Despite her difficulties, Britney Spears remains a cultural phenomenon and a renowned personality in the music industry. Her impact on mainstream music and large fan base have solidified her place as one of the most successful and recognisable performers of her generation.

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BTS Member Suga Begins Alternative 18 Month Military Service In South Korea

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SEOUL, South Korea – Suga, a member of the K-pop supergroup BTS, began his mandatory military service as a social service representative on Friday, an alternative form of military service in South Korea.

Suga, age 30, became the third member of the group to begin performing military duties. The remaining two, Jin and J-Hope, are already serving in active duty at army bases.

“I will faithfully serve and return… Please remain healthy and we’ll see you all in 2025!” Suga wrote in a message posted to the Weverse online fan community.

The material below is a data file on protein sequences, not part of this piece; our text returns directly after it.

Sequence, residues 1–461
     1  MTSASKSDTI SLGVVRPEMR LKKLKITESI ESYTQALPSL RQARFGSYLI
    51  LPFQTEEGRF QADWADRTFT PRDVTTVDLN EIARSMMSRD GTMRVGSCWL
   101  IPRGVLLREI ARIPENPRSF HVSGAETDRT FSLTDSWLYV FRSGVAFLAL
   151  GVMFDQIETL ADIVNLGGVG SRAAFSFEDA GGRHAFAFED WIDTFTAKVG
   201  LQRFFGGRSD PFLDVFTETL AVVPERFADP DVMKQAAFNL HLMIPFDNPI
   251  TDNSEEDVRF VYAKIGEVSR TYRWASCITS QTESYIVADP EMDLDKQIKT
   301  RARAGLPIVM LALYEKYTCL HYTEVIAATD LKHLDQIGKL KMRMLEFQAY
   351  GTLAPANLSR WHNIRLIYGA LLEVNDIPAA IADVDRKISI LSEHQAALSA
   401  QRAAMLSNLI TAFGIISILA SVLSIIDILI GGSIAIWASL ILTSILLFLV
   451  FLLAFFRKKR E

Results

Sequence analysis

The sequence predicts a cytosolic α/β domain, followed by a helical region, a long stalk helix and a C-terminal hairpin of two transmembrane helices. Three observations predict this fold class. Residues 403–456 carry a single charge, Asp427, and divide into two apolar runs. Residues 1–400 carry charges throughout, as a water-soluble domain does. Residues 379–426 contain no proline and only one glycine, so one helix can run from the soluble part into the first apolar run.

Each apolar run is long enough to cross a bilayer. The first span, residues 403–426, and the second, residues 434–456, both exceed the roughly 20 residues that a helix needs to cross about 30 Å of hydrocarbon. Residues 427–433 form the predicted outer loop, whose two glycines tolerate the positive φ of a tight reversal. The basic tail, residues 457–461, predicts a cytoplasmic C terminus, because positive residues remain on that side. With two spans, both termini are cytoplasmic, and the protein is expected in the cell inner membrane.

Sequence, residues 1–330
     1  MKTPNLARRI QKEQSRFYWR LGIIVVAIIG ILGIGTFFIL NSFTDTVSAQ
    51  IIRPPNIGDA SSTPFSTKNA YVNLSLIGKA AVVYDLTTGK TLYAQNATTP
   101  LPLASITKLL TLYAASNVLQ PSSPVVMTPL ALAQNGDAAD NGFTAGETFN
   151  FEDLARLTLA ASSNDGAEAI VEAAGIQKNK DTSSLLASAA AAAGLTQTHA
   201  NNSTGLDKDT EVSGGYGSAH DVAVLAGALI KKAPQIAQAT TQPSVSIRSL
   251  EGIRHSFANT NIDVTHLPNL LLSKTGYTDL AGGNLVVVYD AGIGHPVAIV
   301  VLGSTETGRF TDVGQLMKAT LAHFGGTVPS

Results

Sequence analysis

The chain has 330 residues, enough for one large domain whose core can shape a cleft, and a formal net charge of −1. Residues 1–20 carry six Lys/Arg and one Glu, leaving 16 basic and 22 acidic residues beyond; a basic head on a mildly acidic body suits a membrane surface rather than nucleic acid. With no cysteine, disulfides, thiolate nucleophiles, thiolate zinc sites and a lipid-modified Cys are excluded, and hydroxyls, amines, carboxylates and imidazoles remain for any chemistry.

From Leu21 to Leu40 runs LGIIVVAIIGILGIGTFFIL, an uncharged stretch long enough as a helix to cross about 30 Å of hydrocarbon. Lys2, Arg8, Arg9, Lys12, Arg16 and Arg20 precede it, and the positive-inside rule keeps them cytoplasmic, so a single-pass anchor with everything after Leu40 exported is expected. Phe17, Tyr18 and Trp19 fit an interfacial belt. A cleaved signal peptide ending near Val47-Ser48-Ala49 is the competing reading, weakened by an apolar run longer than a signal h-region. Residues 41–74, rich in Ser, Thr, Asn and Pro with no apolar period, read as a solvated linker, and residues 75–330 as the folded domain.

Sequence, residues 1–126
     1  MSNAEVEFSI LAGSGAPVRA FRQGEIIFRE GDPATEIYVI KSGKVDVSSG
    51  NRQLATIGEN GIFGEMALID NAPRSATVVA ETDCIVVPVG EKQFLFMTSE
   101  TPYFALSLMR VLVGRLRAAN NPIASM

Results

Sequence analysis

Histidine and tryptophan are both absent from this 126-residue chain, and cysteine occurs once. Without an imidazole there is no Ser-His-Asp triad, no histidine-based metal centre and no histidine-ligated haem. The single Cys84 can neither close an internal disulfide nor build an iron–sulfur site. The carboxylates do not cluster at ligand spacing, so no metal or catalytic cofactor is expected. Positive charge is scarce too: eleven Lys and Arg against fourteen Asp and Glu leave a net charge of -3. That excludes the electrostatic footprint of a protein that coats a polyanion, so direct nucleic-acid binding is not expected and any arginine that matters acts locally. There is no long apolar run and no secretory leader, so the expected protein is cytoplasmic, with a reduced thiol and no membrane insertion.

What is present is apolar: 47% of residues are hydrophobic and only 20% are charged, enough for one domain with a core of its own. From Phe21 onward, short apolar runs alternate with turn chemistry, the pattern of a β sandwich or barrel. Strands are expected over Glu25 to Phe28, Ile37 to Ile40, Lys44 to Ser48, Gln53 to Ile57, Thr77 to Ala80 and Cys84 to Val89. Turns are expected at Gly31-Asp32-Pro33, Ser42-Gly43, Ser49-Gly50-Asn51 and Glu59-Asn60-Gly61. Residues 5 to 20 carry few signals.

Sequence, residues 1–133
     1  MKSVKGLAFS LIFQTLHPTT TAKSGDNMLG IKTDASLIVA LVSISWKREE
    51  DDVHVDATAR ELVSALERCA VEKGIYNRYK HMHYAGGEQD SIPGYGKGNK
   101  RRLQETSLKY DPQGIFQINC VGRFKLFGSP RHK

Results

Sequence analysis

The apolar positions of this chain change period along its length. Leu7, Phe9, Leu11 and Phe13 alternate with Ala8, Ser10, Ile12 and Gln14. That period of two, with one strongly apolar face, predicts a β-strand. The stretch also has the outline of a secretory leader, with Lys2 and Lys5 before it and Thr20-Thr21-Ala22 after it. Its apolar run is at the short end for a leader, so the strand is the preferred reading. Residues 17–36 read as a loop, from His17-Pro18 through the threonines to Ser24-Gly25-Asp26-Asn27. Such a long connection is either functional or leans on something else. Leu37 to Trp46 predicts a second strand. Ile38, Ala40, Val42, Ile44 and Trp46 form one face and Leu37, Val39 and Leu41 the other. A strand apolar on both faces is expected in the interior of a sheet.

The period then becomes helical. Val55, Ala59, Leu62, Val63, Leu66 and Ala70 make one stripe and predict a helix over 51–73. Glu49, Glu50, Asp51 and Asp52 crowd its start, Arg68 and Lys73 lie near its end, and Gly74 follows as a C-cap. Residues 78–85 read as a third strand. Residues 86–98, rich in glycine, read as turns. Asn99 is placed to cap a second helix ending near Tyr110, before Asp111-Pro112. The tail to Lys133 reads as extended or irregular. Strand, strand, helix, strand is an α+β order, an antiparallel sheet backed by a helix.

Big Hit Music, the management agency for BTS, reported that Suga began commuting to a workplace designated under the alternative military service system.

Due to threats from North Korea, all able-bodied males in South Korea must serve in the army, navy, or air force for 18 to 21 months under a conscription system. For 21 months, individuals with physical and mental impairments can perform their duties at non-military facilities such as welfare centers, community service organizations, and post offices.

Local media reported that Suga’s alternative service in 2020 was presumably related to shoulder surgery.


Suga, a member of the K-pop supergroup BTS, began his mandatory military service as a social service representative on Friday.